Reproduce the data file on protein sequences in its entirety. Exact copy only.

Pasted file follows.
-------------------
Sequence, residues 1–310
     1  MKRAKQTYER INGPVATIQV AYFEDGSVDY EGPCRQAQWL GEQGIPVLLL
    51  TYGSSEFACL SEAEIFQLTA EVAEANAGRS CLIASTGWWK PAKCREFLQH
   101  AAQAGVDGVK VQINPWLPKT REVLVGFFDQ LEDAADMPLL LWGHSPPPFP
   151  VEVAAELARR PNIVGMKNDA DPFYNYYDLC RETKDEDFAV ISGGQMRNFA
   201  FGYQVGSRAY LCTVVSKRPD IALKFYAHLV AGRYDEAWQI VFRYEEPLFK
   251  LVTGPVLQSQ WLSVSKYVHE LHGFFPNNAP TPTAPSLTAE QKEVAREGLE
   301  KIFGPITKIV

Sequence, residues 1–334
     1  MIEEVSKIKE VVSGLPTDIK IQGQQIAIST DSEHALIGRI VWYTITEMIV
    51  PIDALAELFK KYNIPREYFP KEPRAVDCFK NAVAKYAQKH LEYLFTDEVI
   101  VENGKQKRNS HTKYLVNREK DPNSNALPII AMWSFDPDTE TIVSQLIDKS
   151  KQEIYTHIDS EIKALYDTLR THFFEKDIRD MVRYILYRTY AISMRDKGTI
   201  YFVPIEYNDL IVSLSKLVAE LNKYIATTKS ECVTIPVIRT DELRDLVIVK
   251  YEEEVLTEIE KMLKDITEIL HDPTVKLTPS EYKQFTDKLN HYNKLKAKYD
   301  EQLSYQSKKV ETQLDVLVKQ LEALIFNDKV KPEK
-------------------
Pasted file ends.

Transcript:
Sequence, residues 1–310
     1  MKRAKQTYER INGPVATIQV AYFEDGSVDY EGPCRQAQWL GEQGIPVLLL
    51  TYGSSEFACL SEAEIFQLTA EVAEANAGRS CLIASTGWWK PAKCREFLQH
   101  AAQAGVDGVK VQINPWLPKT REVLVGFFDQ LEDAADMPLL LWGHSPPPFP
   151  VEVAAELARR PNIVGMKNDA DPFYNYYDLC RETKDEDFAV ISGGQMRNFA
   201  FGYQVGSRAY LCTVVSKRPD IALKFYAHLV AGRYDEAWQI VFRYEEPLFK
   251  LVTGPVLQSQ WLSVSKYVHE LHGFFPNNAP TPTAPSLTAE QKEVAREGLE
   301  KIFGPITKIV

Sequence, residues 1–334
     1  MIEEVSKIKE VVSGLPTDIK IQGQQIAIST DSEHALIGRI VWYTITEMIV
    51  PIDALAELFK KYNIPREYFP KEPRAVDCFK NAVAKYAQKH LEYLFTDEVI
   101  VENGKQKRNS HTKYLVNREK DPNSNALPII AMWSFDPDTE TIVSQLIDKS
   151  KQEIYTHIDS EIKALYDTLR THFFEKDIRD MVRYILYRTY AISMRDKGTI
   201  YFVPIEYNDL IVSLSKLVAE LNKYIATTKS ECVTIPVIRT DELRDLVIVK
   251  YEEEVLTEIE KMLKDITEIL HDPTVKLTPS EYKQFTDKLN HYNKLKAKYD
   301  EQLSYQSKKV ETQLDVLVKQ LEALIFNDKV KPEK